I was first introduced to Camille Paglia when I was in college during a discussion on the post-modern phenomena of feminism. She had much respect from my professor who himself was an art historian and archaeologist. Reading her contributions to the then nascent internet magazine Salon.com after college, I understood why my professor shared an admiration for her, since she concerns herself with scholarship in the humanities. Somehow she would combine her passion for the study of art and poetry with feminism and politics in general . It was this combination that made her jottings such fun to read, her complex and internally contradictory personality so intriguing. Instead of employing Marxist structures and post-modern semniotics to express rather orthodox views about women and power, she is very plain spoken and observes real-world people and events to come to some original yet traditional conclusions. She's a defender of the great cannon of Western literature and philosophy and an antagonist of contemporary intellectual fads. She has a populist streak to her, and much of her perspective is colored by her parents' and grandparents' experience as immigrants. Her lesbianism sits in the middle of all this stew and though her political positions lean to the left, she possesses such an open mind so as to absorb conservative arguments. She's all over the place essentially, but her personality is so full of inherent tension that her statements are often delightfully unpredictable.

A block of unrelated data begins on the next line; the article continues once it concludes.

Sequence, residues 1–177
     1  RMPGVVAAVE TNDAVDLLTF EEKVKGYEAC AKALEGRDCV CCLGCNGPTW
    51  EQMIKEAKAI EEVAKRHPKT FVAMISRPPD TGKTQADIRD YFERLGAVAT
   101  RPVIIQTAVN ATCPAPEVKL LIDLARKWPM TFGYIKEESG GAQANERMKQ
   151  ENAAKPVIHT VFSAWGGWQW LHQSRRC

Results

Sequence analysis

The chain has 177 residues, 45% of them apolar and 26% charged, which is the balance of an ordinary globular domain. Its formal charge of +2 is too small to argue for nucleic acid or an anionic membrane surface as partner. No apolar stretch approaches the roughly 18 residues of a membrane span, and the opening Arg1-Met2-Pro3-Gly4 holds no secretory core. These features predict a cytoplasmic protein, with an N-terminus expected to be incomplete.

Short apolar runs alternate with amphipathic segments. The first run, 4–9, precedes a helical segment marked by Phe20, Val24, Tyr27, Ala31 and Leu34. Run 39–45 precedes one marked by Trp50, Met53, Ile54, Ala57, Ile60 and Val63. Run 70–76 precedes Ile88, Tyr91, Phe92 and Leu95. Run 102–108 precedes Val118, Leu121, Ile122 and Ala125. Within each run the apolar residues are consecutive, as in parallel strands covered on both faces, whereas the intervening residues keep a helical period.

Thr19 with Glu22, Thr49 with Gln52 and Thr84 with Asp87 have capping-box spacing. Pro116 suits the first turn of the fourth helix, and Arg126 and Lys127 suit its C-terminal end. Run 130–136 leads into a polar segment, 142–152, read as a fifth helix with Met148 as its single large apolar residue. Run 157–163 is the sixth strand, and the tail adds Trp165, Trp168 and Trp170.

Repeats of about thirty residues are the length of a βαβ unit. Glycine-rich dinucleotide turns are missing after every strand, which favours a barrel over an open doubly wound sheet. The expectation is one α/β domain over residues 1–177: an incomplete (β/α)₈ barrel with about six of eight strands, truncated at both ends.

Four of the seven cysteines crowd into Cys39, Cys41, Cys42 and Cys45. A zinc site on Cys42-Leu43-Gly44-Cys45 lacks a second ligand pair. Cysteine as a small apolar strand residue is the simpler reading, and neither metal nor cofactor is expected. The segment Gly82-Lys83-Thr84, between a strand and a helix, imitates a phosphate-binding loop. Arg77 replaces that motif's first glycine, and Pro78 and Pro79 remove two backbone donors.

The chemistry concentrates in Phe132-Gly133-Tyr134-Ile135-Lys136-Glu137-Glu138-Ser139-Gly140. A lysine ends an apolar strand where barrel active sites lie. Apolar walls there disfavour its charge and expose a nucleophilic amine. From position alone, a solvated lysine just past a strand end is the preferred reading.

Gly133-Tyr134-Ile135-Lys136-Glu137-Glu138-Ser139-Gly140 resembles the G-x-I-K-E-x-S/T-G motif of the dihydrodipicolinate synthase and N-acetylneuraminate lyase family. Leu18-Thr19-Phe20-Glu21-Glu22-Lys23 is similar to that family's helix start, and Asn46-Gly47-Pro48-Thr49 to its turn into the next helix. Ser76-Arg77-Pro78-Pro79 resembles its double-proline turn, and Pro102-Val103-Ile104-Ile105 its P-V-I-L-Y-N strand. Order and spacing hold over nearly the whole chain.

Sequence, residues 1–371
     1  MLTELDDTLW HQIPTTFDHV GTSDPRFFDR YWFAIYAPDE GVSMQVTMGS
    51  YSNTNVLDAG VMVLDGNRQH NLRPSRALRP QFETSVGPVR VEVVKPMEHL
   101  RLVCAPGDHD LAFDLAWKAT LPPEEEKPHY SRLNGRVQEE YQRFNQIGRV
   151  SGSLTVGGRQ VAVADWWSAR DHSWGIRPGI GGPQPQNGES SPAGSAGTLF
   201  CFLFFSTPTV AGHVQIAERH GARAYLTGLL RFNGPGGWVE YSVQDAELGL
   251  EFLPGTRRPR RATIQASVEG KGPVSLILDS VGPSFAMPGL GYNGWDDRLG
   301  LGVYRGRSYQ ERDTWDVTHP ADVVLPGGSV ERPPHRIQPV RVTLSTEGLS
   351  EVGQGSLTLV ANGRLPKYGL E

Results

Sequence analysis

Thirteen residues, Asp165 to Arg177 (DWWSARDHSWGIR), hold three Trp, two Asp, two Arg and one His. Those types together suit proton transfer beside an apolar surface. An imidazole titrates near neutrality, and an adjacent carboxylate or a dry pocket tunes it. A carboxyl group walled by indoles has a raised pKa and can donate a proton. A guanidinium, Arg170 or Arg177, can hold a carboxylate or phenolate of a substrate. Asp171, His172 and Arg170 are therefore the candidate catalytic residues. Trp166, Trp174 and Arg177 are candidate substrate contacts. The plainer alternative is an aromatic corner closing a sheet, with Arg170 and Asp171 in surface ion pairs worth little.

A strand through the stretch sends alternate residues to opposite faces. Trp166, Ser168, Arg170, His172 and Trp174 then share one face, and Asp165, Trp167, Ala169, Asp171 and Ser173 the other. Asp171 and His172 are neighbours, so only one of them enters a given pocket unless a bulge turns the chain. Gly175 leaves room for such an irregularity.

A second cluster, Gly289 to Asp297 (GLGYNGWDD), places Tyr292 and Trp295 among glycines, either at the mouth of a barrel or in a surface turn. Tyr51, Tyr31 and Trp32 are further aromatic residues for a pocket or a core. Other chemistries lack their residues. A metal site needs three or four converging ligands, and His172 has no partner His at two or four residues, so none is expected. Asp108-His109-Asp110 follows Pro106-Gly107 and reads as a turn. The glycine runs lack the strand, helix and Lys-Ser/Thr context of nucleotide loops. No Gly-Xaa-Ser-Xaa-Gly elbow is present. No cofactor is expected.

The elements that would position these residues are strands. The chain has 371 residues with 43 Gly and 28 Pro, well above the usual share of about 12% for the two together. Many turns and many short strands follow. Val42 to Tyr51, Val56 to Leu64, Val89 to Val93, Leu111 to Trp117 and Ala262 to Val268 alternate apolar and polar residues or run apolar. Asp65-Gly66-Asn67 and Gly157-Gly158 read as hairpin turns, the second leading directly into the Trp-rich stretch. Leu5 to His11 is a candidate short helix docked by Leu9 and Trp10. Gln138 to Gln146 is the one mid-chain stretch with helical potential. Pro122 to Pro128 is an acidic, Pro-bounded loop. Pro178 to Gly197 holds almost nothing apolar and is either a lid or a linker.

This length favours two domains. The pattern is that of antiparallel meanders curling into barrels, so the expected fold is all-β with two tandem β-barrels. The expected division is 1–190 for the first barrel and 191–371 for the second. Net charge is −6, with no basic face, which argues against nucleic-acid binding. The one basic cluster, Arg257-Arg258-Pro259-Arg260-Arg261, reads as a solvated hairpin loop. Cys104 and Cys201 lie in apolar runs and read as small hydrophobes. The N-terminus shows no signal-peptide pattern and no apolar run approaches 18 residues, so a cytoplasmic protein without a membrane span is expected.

Make some time to read this in-depth interview of this fascinating person.
Thanks to No Pasaran! for the tip